When was the last time you went on a vacation? If you are lucky enough, you might be recalling the long weekend camping trip you took in August to escape the city, or that all inclusive vacation to the Caribbean this past winter. Doesn’t sound familiar to you? Unfortunately it does not ring a bell for thousands of Canadians who work all year long without taking a well deserved break.
We have highlighted the importance of taking shorts breaks at work. Taking longer breaks (known as vacations) are equally, if not more important, but thousands of Canadians are not using their vacation days. According to a TD bank survey, “93% of Canadians think vacations are important to be ‘happy’ but only 43% report using up all of the days they are entitled to” (Marr, 2014). As the third last nation in terms of mandated vacation days (CBC News, 2013), it is a little embarrassing that we cannot even make use of the very few days that we are allotted.
A more recent article published online in The Guardian discusses the main factors influencing people to stay at work and skip out on vacation:
- Our workaholic culture: it is not news to us that North American culture has instilled the belief that we should always be busy and working towards climbing the corporate ladder.
- Guilt: we feel bad about taking a vacation because we should really be working like the rest of our colleagues back at the office. We feel as if we don’t deserve a break, especially if we have not been performing our best at work. However, a drop in our productivity might be the greatest indicator that we need a vacation.
- Fear of falling behind: taking time off from work is difficult, but taking time off from work and forgetting about work during this time is even harder. No one wants to come back from a relaxing vacation only to find themselves bogged down with even more work than where they left off.
- Not being able to afford a vacation: going away is very expensive, especially if you will be taking your partner or family with you. Also, it is hard to see the value of taking your vacation days if you are going to be spending them at home.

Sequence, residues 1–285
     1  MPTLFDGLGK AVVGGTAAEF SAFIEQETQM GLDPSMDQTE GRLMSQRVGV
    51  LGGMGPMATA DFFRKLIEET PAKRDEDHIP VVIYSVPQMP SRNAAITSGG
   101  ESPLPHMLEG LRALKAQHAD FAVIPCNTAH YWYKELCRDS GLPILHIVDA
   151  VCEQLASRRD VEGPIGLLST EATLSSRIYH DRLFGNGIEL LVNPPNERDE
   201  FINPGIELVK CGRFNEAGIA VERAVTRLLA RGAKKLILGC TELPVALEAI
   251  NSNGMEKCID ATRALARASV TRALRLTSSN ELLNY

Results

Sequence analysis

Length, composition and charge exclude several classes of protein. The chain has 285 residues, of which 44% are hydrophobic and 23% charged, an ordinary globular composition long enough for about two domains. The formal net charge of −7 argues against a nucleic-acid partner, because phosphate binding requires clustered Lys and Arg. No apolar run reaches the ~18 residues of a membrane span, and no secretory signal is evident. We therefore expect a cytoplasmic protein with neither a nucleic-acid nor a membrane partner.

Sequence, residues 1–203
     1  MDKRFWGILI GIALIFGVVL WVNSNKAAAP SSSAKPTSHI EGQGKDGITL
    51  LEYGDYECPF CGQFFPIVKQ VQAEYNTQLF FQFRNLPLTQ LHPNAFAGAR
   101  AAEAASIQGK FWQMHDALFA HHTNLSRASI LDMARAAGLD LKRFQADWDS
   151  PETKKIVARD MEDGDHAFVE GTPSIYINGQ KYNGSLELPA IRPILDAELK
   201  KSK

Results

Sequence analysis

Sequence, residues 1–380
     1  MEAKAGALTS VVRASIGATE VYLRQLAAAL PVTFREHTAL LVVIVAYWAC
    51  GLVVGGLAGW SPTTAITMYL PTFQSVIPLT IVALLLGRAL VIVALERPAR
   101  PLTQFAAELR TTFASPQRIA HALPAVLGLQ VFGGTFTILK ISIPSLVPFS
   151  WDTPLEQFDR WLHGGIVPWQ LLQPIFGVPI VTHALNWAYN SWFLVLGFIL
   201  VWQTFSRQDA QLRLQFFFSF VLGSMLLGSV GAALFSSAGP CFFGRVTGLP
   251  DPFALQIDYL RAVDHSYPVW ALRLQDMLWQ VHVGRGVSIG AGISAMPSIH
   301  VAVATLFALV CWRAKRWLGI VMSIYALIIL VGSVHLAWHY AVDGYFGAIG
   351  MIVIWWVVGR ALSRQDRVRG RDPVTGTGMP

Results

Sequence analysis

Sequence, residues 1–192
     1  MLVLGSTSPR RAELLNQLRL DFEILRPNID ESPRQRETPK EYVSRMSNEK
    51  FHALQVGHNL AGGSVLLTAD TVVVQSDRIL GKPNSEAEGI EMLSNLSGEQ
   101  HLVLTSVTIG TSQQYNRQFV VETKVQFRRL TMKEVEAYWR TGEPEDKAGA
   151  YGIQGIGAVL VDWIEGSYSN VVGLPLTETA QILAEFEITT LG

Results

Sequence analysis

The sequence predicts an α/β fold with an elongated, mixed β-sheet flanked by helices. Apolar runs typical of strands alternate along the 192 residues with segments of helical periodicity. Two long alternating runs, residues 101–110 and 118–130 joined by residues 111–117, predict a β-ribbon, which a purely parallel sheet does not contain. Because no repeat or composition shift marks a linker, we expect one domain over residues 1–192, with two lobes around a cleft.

- Not having any vacation days: some workplaces do not provide their employees with any vacation days. This is more common with private companies (Kasperkevic, 2015).
We definitely have some work to do in terms of taking back our vacation days, but as the previously mentioned statistics and trends suggest, it is not going to be easy. Below are some ways to encourage a vacation-friendly culture:
- Unplugging: thanks to our handy smart phones, most of us stay connected to our workplaces even when we are off the clock and at home. Our evenings and weekends are contaminated with work-related thoughts, so we are never really getting a break. Next time you go on a vacation, or even on your weekend off, try turning off your phone and leave your laptop shut. If you are a boss/employer, it would be even more meaningful if staff were mandated to leave their work phones at work. This type of action would convey a very strong message.
- Staycationing: going away is expensive but being on vacation doesn’t have to be. Staying in your home town for a holiday, also known as a staycation, has become an increasingly popular trend. You can have an equally relaxing time staying in your city/province and going away to a nearby town or city that is far enough to make it feel like you went away, but still close enough to not require expensive travel costs.
- Set an example: bosses/CEOs/employers are equally as vacation-deprived as their employees. As the head of a company, you take personal responsibility for the successes and failures of your workplace, so it is even harder to set work aside. It is difficult, but taking a vacation and making it known that you are taking a vacation might influence your employees more than you think. This would send the message that hard-working people deserve time off too and might alleviate the guilt workers have around taking time off.
Are you an over-worked employee in need of a vacation? What is holding you back?
Photo credit: http://i.huffpost.com/gen/1249743/images/o-WORKING-ON-VACATION-facebook.jpg
Kasperkevic, J. (2015, September 7). Why is America so afraid to take a vacation? The Guardian. Retrieved from http://www.theguardian.com/money/2015/sep/07/america-vacation-workaholic-culture-labor-day?CMP=fb_gu
Marr, G. (2014, March 18). Nay-cation? Why Canadians are leaving vacation days on the table. The National Post. Retrieved from http://business.financialpost.com/personal-finance/nay-cation-why-canadians-are-leaving-vacation-days-on-the-table
CBC News (2013, May 24). Canada ranks 3rd last in paid vacations. Retrieved from http://www.cbc.ca/news/canada/canada-ranks-3rd-last-in-paid-vacations-1.1306523